The Cherokee nation and habitat for humanity: Tahlequah, OK

Cecilia Hernandez, Arts & Life Editor

Under the Alternative Spring Break program at NEIU, 10 NEIU students traveled to Tahlequah, Oklahoma to volunteer for Habitat for Humanity and learn about the Cherokee Nation. I was among the ten students. In the rural country, we were taught how to properly handle tools and follow procedures to build a house. The house is  for Jana Taylor, an elderly woman whom does not have running water in her current home, and uses space heaters to keep warm during the winter.

We worked around seven hours each day of the week where we build not only a home for Taylor, but we also built friendships among our peers and mentors known as caravaners. We helped the caravaners finish the roof, indoor framing and half of the siding, which pushed the construction two-and-a-half weeks ahead of schedule.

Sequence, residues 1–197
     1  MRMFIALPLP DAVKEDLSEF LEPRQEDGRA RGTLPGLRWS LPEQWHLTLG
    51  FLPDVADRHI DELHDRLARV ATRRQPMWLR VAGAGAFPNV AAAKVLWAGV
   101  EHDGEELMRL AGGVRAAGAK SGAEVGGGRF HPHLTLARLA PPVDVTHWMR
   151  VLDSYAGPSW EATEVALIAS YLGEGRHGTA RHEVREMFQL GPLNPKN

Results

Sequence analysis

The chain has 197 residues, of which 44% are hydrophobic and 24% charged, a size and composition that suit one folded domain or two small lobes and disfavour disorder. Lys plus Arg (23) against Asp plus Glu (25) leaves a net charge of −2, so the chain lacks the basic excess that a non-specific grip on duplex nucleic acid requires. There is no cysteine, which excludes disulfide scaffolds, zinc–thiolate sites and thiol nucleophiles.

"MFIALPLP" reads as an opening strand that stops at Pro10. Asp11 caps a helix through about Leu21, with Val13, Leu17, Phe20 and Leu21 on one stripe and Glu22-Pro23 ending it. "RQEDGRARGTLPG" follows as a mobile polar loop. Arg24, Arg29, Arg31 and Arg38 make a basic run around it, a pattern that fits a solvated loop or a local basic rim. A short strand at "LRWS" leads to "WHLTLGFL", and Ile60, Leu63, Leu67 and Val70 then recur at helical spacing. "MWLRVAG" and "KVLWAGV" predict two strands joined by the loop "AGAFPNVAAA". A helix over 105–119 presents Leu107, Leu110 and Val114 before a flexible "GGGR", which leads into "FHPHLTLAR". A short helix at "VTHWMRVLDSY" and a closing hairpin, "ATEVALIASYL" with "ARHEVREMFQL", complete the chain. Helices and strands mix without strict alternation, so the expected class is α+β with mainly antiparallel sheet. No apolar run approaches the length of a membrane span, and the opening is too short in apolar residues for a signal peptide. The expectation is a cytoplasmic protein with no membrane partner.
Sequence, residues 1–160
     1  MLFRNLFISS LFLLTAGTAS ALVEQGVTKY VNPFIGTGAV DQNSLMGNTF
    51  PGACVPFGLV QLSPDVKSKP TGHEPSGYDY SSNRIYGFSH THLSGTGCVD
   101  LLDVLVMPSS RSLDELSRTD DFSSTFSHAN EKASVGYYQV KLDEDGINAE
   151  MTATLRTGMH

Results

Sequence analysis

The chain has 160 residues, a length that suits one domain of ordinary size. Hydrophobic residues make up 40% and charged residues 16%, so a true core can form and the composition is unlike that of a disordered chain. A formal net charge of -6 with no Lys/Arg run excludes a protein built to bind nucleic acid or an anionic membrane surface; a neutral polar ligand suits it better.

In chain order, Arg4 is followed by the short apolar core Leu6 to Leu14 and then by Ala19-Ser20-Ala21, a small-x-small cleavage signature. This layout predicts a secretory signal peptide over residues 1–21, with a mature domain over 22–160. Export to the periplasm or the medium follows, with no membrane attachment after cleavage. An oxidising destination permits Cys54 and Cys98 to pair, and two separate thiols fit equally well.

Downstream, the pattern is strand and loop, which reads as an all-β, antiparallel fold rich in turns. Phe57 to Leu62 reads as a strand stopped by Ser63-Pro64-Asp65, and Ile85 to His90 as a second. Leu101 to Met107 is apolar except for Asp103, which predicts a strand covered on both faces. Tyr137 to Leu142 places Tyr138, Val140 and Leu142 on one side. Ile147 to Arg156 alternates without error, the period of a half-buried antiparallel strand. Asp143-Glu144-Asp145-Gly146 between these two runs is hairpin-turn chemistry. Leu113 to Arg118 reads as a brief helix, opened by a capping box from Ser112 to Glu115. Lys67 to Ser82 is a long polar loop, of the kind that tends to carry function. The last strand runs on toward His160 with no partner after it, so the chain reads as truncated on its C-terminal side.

After our construction day ended, we would head home for a quick shower and lunch, then prepared for a night with some members of the Cherokee Nation. During these nights, we learned about Cherokee History, particularly the effect The Trail of Tears had on five indigenous tribes, through stories, discussions and games.

We learned how to weave baskets and visited museums. At the end of each day, we would have reflections where we shared our perspectives of the Cherokee Nation. With the help of our student leader Steven Cristi and advisor Rae Joyce Baguilat, we were able to transform from complete strangers to friends–people who shared an unforgettable experience that brought us closer than ever. For anyone interested, a presentation will be conducted in the following weeks about these students’ experiences, so keep on the look-out for that.